Mohammad Reza Khakzad1, Farzin Hadizadeh2*, Abdolreza Varasteh1, Maliheh Moghaddam2, Mohammad Saadatmandzadeh3 and Mojtaba Sankian2*
1 Department of Immunology, Islamic Azad University, Iran
2Mashhad University of Medical sciences, Iran
3 Ferdowsi University of Mashhad, Iran
Submission: August 20, 2018; Published: November 15, 2018
*Corresponding author: Mojtaba Sankian & Farzin Hadizadeh, Bu-Ali Research Institute, Ferdossi Square, Bu-Ali Square, Mashhad, Iran.
How to cite this article: Mohammad Reza Khakzad, Farzin Hadizadeh, Mojtaba Sankian, et al. An Improved Method to Conjugation of KLH-Diazinon.
Open Acc J of Toxicol. 2018; 3(5): 555621. DOI: 10.19080/OAJT.2018.03.555621.
Monoclonal antibodies are now widely used for hapten detection by immunoassay kits. The first and critical step in development of an immunoassay kit is selection and synthesis of a suitable hapten-carrier. Diazinon as a non-immunogenic hapten should be attached in an appropriate way to a carrier molecule. The suitable design of active hapten is an important stage and challengeable problem for monoclonal antibody production. This study indicates that our procedure for making an active hapten is time saving, easier and less expensive in comparison with previous study findings and, furthermore, resulting in production of a high affinity anti-diazinon monoclonal antibody
The immunoassay techniques are recently used in the assay and detection of low molecular weight poisons, like the residue of organophosphate pesticides in agricultural and food products. The first and critical step in development of an immunoassay kit is selection and synthesis of a suitable hapten.Traditionally, gas chromatography, high performance liquid chromatography and mass spectroscopy are validated techniques for the determination of small molecules, however, these methods are not cost effective and user-friendly.The immunoassay techniques such as enzyme-linked immunosorbent assay (ELISA) have been developed as a simple, rapid, and cost-effective alternative to above mentioned techniques. Diazinon is one of the organophosphate pesticides with wide application in agriculture that are toxic to humans.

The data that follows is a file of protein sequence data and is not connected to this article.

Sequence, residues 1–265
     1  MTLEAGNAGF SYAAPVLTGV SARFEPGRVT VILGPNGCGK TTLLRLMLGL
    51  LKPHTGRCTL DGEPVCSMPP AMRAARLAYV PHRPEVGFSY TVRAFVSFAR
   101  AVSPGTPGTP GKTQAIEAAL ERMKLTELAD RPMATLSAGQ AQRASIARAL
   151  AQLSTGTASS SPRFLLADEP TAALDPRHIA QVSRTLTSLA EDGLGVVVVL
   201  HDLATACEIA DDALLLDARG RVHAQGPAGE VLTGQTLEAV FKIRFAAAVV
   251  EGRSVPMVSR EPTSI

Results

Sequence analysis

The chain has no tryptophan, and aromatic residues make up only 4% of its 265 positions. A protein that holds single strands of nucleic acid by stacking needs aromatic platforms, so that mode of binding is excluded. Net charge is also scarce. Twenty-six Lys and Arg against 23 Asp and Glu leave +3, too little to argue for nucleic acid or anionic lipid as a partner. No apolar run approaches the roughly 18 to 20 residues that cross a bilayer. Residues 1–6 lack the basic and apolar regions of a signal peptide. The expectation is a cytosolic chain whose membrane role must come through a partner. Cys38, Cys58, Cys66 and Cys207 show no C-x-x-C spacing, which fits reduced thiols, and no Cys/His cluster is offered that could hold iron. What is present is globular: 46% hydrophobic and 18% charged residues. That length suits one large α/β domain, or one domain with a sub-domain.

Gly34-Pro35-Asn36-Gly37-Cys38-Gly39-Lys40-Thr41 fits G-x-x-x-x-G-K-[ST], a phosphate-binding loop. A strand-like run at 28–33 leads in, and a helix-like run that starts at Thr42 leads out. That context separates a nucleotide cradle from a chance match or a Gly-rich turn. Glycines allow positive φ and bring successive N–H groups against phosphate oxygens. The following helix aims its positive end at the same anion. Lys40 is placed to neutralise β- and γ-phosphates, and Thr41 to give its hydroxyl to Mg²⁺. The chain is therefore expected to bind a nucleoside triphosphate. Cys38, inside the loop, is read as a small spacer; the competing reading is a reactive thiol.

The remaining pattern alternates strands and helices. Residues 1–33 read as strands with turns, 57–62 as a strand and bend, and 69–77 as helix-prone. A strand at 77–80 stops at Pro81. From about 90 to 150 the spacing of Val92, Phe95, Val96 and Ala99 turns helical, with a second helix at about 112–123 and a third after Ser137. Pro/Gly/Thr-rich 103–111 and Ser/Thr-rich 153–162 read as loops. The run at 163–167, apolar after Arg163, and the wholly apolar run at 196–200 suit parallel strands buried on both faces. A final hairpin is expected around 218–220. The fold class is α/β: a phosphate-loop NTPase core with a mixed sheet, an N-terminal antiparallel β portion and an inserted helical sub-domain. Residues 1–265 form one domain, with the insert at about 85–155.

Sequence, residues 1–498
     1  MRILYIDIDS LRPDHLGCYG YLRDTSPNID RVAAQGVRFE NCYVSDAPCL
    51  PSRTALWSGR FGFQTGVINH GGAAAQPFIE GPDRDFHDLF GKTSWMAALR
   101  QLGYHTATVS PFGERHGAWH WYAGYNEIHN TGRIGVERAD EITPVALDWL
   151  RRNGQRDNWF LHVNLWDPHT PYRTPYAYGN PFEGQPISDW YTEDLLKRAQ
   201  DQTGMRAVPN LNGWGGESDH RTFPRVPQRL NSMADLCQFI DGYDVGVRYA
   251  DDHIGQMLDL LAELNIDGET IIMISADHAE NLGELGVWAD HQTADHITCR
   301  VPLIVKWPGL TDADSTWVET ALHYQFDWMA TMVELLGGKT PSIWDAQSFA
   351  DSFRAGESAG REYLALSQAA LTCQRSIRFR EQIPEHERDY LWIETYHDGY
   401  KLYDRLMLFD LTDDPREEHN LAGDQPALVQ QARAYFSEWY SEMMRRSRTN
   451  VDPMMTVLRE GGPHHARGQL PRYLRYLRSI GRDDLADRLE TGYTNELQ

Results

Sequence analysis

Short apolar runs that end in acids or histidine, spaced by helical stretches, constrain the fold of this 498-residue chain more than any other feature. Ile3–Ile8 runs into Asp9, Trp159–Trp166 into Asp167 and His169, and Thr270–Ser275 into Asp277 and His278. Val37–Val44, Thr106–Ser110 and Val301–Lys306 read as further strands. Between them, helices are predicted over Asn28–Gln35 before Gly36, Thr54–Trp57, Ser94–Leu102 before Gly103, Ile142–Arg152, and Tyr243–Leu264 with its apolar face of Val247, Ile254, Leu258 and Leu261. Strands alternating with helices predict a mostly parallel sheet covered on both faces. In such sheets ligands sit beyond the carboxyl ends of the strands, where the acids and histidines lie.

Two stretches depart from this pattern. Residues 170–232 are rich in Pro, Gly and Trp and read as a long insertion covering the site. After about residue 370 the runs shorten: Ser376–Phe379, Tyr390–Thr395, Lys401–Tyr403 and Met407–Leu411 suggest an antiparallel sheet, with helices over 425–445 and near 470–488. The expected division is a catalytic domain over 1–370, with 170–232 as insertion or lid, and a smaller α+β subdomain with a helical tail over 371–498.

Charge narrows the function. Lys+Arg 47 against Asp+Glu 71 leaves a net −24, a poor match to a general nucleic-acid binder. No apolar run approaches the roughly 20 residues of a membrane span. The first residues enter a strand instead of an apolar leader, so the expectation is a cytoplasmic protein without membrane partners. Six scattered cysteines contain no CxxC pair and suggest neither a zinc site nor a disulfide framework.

Monoclonal antibodies are now widely used for hapten detection by immunoassay kits. The application of immunization is essential as an adjunct to monoclonal antibody production to do so, diazinon as a hapten, should first be attached correctly to a carrier molecule. The suitable design of hapten is an important stage for immunization in animal models to monoclonal antibody production against small molecules. A precise attachment of the hapten to a carrier is very challenging and requires high skilled researchers. The chemical cross-linkers strongly influence a hapten structure and limit availability of its antigenic active sites leading to a loss of effective interaction between hapten and antibodies in immunoassay techniques.
Small organic molecules such as diazinon are non-immunogenic. Therefore, design and synthesis of suitable carrier conjugate is a high fundamental parameter for its immunoassays. Unfortunately, in most cases the complexity of hapten synthetic process, leads to the masking of its functional groups and so lowers titer and affinity of monoclonal antibodies against hapten structure. Another problem is selection of a suitable spacer between hapten and carrier. Conformational effects of the spacer arm on hapten most probably cause invalidity of some immunoassays. Furthermore, type and length of spacer arms and most noteworthy, attachment site is very critical and affect the affinity of the resulting antibodies.